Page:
The death rate for Nipah virus is up to 75% and it has no vaccine. While the world focuses on Covid-19, scientists are working hard to ensure it doesn't cause the next pandemic.
It was 3 January 2020, and Supaporn Wacharapluesadee was standing by, awaiting a delivery. Word had spread that there was some kind of respiratory disease affecting people in Wuhan, China, and with the Lunar New Year approaching, many Chinese tourists were headed to neighbouring Thailand to celebrate. Cautiously, the Thai government began screening passengers arriving from Wuhan at the airport, and a few select labs – including Wacharapluesadee's – were chosen to process the samples to try to detect the problem.
Wacharapluesadee is an expert virus hunter. She runs the Thai Red Cross Emerging Infectious Disease-Health Science Centre in Bangkok. Over the past 10 years, she's been part of Predict, a worldwide effort to detect and stop diseases that can jump from non-human animals to humans.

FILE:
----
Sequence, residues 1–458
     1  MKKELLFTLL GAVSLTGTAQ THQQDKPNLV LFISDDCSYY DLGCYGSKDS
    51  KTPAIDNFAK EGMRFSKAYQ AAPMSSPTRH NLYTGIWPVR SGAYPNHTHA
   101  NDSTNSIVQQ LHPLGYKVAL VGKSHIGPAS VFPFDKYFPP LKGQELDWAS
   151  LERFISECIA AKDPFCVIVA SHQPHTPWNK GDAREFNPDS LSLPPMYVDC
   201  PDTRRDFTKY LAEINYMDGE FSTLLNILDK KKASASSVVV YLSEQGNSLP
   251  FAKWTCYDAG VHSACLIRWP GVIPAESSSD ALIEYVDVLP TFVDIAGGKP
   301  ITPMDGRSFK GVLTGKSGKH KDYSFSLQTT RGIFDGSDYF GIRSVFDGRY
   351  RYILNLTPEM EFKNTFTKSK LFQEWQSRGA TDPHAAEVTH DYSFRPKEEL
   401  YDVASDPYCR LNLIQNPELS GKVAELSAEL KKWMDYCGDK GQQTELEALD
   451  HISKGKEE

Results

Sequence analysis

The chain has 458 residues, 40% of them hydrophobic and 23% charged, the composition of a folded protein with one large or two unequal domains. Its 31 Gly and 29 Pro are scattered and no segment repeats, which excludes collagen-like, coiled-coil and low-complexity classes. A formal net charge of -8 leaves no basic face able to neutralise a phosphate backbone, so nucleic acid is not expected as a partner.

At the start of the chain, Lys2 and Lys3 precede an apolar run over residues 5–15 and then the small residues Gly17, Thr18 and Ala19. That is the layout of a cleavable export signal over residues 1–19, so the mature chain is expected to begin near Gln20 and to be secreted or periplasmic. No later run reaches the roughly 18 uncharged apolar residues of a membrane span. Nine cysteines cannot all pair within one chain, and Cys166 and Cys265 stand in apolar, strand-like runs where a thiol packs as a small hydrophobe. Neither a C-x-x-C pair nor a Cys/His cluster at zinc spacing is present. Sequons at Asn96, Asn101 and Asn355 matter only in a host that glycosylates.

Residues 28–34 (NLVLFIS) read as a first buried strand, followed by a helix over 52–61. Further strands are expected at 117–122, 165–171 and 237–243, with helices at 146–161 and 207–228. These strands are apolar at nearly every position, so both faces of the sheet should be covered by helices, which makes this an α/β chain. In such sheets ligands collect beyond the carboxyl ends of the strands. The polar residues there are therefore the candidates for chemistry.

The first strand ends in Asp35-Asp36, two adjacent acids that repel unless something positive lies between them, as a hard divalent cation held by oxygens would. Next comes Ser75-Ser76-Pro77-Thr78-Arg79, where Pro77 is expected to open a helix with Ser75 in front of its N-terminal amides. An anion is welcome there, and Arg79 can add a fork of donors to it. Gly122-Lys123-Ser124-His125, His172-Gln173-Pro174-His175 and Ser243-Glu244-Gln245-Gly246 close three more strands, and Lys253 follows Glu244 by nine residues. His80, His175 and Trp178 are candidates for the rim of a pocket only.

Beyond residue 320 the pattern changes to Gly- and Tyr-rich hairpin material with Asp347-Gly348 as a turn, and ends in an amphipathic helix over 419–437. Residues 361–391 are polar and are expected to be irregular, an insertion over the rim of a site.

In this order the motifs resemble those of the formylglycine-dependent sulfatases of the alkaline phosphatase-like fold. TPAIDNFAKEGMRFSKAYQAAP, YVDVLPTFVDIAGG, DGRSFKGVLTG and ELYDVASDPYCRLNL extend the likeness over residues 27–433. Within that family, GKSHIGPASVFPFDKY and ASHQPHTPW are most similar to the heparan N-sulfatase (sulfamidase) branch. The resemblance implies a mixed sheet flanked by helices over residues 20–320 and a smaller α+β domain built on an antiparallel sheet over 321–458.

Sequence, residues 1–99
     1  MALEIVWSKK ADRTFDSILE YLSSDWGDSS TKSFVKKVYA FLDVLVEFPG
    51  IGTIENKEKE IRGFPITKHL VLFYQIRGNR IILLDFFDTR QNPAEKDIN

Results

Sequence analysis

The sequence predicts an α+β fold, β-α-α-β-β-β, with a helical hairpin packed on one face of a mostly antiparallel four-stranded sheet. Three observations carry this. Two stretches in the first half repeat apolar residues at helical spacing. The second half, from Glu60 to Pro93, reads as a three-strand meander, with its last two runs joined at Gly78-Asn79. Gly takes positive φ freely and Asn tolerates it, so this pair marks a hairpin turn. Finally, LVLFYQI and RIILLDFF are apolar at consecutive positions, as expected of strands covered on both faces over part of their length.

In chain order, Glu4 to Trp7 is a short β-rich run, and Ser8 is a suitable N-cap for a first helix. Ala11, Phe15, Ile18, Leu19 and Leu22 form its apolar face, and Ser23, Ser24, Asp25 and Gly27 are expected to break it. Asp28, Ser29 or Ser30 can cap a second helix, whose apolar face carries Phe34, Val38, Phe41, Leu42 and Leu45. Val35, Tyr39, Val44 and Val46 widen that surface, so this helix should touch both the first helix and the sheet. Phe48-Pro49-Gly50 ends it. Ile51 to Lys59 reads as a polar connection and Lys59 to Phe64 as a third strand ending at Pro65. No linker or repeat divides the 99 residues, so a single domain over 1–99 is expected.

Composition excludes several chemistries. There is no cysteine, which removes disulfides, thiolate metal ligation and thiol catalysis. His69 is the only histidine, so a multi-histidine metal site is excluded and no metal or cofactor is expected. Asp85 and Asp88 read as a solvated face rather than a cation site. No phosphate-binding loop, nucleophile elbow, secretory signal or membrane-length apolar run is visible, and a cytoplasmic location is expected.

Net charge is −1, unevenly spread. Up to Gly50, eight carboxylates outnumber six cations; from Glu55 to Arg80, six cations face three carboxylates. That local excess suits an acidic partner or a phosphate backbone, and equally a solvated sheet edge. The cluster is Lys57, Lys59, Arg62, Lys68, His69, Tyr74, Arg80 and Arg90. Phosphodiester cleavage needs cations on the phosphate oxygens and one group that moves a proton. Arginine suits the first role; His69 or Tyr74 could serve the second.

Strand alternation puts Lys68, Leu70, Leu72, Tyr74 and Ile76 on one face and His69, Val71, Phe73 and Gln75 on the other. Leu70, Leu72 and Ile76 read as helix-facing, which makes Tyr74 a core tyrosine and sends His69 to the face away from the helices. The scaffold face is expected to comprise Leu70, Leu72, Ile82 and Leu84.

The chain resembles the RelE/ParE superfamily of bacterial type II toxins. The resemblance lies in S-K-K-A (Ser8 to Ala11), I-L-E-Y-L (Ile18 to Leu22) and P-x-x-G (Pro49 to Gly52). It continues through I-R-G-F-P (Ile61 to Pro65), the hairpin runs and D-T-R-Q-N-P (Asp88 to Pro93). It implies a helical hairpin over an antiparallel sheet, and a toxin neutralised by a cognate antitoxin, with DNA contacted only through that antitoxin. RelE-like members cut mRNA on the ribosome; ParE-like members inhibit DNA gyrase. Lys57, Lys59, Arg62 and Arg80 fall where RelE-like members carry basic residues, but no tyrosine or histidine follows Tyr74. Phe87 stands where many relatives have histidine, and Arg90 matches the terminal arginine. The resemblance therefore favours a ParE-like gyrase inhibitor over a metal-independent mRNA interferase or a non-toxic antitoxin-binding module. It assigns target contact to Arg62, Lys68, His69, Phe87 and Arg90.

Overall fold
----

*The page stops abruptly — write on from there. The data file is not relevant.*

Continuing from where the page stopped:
She and her team have sampled many species. But their main focus has been on bats, which are known to harbour many coronaviruses.
She and her team were able to understand the disease in just a matter of days, detecting the first case of Covid-19 outside of China. They found that – as well as being a novel virus that didn't originate in humans – it was most closely linked to coronaviruses they had already found in bats. Thanks to the early information, the government was able to act quickly to quarantine patients and advise citizens. Despite being a country of nearly 70 million people, as of 3 January 2021 Thailand had recorded 8,955 cases and 65 deaths.